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Integrated Chronic Pain Treatment and Training Project

  • Need: To reduce prescription opioid misuse and overdoses in North Carolina.
  • Intervention: The ICPTTP standardizes and streamlines chronic pain management in primary care clinics.
  • Results: The ICPTTP has reduced patients' average daily morphine equivalent dose, and 25% of program participants have stopped taking opioids altogether.
Promising (About evidence-level criteria)

In 2015, 1,567 North Carolinians died from drug overdoses. The state lost 1,358 more lives in 2014 and 1,259 more in 2013. Some of these deaths come from prescription medications, as overprescribing opioids has become a national issue. According to 2012 CDC data, there are 96-143 opioid prescriptions per 100 people in North Carolina, compared to 52-71 prescriptions per 100 people in the lowest-prescribing states.

Mountain Area Health Education Center, Inc. (MAHEC) is working to prevent opioid misuse and overdose by educating patients and the larger community on safer alternatives to pain management. In addition to Asheville and Henderson at Blue Ridge Community Health Services, MAHEC's Integrated Chronic Pain Treatment and Training Project (ICPTTP) was implemented at Andrews Internal Medicine in rural Andrews, which serves rural Cherokee, Clay, Graham, and Macon counties.

MAHEC created the ICPTTP in order to stabilize and streamline chronic pain management in primary care clinics. Multidisciplinary care teams provided medication management and behavioral health services as well as trained primary care providers (PCPs) in chronic pain management. Care teams educated patients and suggested alternative pain treatments such as physical therapy and acupuncture.

MAHEC partnered with Project Lazarus, which provides community outreach and education about opioid misuse. The ICPTTP received funding from a Centers for Medicare & Medicaid Services (CMS) Health Care Innovation Award (HCIA).

Services offered

"Core providers" trained other PCPs on chronic pain protocols so that pain treatment is safer and standardized. Providers also learned how to identify and prevent opioid misuse, in part through drug screenings. Providers offered:

  • Education about the potency of opioid medications and the potential for misuse
  • Encouragement
  • Group medical visits, which provided social connection and support for patients
  • Ways for patients to change their perception of pain (ways to endure pain and stay active)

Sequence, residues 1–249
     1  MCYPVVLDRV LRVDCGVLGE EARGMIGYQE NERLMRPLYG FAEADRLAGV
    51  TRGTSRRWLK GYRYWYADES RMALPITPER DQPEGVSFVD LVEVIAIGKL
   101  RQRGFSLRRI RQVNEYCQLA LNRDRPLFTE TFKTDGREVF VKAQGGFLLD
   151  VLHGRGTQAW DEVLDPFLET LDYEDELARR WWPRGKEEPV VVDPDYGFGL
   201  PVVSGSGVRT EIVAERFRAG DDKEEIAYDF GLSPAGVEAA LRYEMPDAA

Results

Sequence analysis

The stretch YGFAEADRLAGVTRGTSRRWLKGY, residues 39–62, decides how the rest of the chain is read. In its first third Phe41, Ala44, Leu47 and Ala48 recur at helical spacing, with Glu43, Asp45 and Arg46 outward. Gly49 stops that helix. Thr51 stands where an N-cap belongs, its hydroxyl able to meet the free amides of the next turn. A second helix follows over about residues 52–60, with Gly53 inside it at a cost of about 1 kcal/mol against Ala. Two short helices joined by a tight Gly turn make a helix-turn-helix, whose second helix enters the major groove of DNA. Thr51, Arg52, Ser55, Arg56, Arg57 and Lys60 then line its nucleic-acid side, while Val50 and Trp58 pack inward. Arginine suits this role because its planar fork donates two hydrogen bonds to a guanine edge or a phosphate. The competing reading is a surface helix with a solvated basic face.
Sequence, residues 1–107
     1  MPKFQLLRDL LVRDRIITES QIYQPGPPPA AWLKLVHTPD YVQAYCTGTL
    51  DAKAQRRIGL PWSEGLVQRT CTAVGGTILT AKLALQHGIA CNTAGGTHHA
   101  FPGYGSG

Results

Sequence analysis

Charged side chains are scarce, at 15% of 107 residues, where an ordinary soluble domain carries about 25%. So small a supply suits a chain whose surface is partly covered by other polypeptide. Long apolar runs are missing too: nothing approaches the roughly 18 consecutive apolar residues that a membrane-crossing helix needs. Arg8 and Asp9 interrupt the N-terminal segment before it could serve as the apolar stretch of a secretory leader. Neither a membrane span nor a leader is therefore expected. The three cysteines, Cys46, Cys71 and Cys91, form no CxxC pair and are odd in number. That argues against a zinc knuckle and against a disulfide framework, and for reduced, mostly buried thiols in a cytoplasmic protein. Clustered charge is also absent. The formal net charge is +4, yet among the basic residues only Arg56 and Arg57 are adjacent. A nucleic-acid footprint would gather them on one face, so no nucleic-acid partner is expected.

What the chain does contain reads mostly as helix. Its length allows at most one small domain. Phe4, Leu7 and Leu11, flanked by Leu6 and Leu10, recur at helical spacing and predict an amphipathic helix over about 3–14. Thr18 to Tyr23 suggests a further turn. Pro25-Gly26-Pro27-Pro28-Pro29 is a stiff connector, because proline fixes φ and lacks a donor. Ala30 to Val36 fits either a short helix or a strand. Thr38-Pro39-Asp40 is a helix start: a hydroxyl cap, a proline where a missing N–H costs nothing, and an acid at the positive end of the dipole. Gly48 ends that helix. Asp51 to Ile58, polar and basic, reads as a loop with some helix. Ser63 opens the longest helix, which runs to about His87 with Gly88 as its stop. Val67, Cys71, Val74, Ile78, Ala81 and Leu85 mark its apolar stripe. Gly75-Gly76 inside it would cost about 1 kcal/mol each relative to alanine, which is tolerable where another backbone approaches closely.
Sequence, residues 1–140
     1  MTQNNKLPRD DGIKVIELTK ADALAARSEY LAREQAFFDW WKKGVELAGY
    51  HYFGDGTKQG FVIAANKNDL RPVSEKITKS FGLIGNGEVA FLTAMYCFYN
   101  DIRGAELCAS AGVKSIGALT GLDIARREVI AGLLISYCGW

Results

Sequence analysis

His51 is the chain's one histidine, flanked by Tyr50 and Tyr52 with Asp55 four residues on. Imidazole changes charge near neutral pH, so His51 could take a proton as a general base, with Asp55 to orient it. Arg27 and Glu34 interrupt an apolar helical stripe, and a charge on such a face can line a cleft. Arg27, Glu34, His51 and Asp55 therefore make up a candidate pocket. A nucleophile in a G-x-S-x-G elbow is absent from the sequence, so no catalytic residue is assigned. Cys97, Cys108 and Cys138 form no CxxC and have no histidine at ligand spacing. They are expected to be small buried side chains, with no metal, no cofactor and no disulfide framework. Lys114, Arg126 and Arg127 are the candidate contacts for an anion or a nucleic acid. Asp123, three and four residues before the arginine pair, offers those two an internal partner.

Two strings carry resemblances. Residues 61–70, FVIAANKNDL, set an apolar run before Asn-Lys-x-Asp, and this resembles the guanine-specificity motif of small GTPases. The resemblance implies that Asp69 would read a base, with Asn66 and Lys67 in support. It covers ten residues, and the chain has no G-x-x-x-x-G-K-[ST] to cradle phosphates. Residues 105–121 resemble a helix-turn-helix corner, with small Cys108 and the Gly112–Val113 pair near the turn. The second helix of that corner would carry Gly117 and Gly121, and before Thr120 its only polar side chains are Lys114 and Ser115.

• Screenings to identify behavioral health issues such as prior substance abuse or trauma
  • Referrals for patients who would benefit from more intensive treatment for mental illness or substance abuse

The ICPTTP reached 376 patients from October 2012 to June 2015. According to the HCIA Disease-Specific Evaluation: Third Annual Report:

  • The average daily morphine equivalent dose (MED) decreased significantly.
  • 25% of participants stopped taking opioids altogether.
  • Patients who began the program with a lower MED were more likely to stop taking opioids.
  • Patients reported improved functionality and relief from mental health issues such as anxiety.
  • One program site reported fewer emergency department visits (and lower healthcare costs), as patients visited the pain clinic instead.

Program coordinators found that there was a lack of understanding from patients and providers about the safety and efficacy of opioids.


Since Asheville is a larger community, patients at the Asheville site had easier access to services such as acupuncture, yoga, and behavioral health providers than patients at the rural sites.

The sites were still able to implement the program despite differences in staffing. For example, some program sites relied on nurse practitioners (NPs) while two sites implemented the project without NPs. Larger sites could hire a behavioral health provider, while the Andrews location wasn't able to fill this position. Without a behavioral health provider, PCPs at some sites were still able to implement the chronic pain protocols but said they would have appreciated having someone trained in substance abuse treatment.

To develop the program across western North Carolina, MAHEC staff members are developing a care process model and acting as consultants to other providers. Staff made seven site visits to other clinics and provided full-day consultations on protocols such as reduced dosage in prescriptions.

Contact Information
Elizabeth Flemming, MA, LPC, Planner
Mountain Area Health Education Center
Pharmacy and prescription drugs
Prescription drug abuse
States served
North Carolina
Date added
August 2, 2017

Please contact the models and innovations contact directly for the most complete and current information about this program. Summaries of models and innovations are provided by RHIhub for your convenience. The programs described are not endorsed by RHIhub or by the Federal Office of Rural Health Policy. Each rural community should consider whether a particular project or approach is a good match for their community’s needs and capacity. While it is sometimes possible to adapt program components to match your resources, keep in mind that changes to the program design may impact results.